As wikipedia says:
A problem is an obstacle, impediment, difficulty or challenge, or any situation that invites resolution; the resolution of which is recognized as a solution or contribution toward a known purpose or goal. A problem implies a desired outcome coupled with an apparent deficiency, doubt or inconsistency that prevents the outcome from taking place.
So, in other words, one could say that movies are about characters that have to deal with problems. Novels are about characters that have to deal with problems. TV series are about characters that have to deal with problems. Videogames are about characters that have to deal with problems.
The thing is, videogames are the only medium that asks the audience for the solution to said problems. In doing so, the problems themselves become the focus of … let’s say 99.9% of videogames. They become an exercise in problem-solving to the point of alienating some people. After all, they have enough real problems, why would they want to spend their time solving fictional problems that in no way help them get on with their lives?
I do realize that what I’m saying sounds pessimistic and maybe I’m just trying to dig deeper than I should, but the fact remains that some people do not want to spend their free time solving problems and consequently they don’t see the appeal of videogames as a whole.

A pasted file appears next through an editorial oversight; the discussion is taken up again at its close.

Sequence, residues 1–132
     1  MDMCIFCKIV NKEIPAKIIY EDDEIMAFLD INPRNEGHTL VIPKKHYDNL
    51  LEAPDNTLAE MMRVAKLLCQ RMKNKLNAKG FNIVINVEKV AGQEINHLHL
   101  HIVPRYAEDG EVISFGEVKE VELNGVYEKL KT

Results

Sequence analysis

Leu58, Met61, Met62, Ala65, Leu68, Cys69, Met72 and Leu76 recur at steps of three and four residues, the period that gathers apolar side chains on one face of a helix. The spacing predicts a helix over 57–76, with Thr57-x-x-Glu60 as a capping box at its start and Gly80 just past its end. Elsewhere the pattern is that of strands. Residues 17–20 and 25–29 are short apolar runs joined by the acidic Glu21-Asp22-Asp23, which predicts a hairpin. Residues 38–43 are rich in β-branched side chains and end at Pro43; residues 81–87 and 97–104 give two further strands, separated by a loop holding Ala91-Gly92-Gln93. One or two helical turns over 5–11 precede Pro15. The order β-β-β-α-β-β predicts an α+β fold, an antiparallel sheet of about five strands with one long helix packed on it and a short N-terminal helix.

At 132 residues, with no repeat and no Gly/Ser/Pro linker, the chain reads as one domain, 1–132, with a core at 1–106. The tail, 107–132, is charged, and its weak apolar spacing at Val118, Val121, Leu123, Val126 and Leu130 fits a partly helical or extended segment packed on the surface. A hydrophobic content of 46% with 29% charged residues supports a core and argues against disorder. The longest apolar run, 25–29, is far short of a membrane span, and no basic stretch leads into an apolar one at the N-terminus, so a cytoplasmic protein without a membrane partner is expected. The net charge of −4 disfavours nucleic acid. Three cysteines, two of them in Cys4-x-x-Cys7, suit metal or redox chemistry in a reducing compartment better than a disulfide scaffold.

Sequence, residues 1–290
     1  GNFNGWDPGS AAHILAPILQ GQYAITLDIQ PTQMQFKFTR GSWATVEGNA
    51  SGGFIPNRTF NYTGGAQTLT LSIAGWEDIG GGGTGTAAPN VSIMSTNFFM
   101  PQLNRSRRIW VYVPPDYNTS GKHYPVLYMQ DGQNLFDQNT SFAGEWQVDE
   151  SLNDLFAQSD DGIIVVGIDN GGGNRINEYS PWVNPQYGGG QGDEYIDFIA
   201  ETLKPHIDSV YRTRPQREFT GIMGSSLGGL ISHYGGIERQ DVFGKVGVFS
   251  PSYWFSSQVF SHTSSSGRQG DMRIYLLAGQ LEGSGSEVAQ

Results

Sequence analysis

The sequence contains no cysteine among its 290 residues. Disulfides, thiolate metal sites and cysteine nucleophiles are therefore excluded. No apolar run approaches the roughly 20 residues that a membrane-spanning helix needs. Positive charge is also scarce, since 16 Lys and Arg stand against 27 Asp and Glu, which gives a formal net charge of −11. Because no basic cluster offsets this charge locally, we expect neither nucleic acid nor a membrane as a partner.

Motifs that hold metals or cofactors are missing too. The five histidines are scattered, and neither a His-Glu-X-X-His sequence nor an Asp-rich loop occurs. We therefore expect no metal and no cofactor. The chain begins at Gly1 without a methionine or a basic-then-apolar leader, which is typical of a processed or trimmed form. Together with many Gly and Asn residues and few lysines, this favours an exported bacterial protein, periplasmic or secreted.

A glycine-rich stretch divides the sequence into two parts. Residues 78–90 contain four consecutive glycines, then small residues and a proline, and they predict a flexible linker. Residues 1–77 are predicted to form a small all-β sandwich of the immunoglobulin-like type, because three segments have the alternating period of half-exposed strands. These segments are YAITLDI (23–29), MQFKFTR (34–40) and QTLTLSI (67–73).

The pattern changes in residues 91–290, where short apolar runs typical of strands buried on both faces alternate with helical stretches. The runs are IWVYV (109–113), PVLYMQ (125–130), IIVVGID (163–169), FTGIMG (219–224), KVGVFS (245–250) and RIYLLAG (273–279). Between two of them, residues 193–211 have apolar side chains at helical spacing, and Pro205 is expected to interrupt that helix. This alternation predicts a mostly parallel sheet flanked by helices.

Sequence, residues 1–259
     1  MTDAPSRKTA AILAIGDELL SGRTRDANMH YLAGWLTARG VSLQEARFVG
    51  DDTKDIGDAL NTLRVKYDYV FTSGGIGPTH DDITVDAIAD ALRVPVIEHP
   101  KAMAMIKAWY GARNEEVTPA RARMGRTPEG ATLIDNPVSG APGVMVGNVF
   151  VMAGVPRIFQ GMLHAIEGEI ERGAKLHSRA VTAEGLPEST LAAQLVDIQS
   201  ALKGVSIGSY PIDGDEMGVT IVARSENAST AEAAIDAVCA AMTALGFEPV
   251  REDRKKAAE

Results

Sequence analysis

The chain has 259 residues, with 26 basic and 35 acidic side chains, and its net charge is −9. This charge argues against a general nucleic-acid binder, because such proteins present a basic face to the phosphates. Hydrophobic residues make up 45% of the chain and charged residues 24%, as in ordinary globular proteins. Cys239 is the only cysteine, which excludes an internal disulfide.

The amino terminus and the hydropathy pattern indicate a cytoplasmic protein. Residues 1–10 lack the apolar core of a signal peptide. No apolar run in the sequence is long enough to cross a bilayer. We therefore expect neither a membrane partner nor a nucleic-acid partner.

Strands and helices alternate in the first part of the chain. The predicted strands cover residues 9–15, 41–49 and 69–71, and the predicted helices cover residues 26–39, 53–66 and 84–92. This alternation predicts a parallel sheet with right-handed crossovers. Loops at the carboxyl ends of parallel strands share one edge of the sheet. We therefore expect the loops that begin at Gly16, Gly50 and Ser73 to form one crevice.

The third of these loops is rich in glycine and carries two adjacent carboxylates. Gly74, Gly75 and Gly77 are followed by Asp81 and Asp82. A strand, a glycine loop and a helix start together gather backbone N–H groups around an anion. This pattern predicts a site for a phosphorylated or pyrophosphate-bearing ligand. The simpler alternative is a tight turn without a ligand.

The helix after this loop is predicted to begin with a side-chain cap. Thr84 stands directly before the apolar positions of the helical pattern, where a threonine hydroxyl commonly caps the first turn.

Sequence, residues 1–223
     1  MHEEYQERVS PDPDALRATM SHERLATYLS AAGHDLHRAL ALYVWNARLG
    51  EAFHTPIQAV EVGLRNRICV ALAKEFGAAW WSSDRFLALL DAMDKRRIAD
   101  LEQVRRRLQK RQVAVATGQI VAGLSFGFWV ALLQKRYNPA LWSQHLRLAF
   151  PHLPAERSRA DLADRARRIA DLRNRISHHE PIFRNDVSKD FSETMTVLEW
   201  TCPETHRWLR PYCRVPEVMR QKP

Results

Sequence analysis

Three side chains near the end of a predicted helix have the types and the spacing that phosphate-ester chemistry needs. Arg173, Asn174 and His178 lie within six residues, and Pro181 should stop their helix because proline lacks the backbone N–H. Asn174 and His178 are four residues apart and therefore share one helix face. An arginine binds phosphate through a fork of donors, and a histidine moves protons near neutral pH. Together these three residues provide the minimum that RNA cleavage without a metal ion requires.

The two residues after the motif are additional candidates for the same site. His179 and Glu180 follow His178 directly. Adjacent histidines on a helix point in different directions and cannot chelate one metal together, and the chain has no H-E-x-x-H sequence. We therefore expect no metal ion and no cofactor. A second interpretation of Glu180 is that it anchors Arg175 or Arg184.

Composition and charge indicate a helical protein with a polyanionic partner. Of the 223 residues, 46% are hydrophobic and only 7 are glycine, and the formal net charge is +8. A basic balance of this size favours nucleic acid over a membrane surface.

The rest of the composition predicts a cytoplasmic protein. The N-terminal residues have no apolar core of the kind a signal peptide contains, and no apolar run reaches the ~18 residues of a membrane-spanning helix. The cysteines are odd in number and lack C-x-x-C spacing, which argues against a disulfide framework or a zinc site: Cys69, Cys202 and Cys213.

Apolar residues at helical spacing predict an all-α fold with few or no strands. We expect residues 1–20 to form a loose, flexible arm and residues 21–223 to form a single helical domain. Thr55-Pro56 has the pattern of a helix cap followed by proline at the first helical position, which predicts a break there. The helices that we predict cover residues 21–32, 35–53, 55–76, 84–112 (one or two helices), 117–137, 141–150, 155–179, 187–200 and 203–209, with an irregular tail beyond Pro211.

This makes me pause for a bit and think, because at the end of the day, videogames are more than just problem solving. Though I did find my way into videogames because I enjoy solving problems, I also found that there are quite a few other ways to enjoy games. To name a few: the exploration of mechanics, verbs and space, the sense of inhabitating a fictional world, the …. the …………..
Well, this is awkward.
Oh! How about the sense of fluidly moving through the game’s space? That seems like it fits, kinda.
Yeah, I’m way over my head, aren’t I? I do know that there are lots of ways to enjoy videogames, but I seem to really struggle articulating what those are. Anyway, where was I? Oh, right:
Even though I can’t make a list of the ways we can enjoy videogames, I do stand by this: It is possible to construct a videogame and have the player not deal with a single problem.
I think it’s a shame that there are not that many videogames out there that are not about solving problems (honestly, the only one I can think of off the top of my head is The Graveyard), but I do understand why that is. It’s the same reason why most movies are about characters that have to deal with problems, because problems are interesting, because they spice things up, because they bring conflict, because they are at the base of the dramatic structure.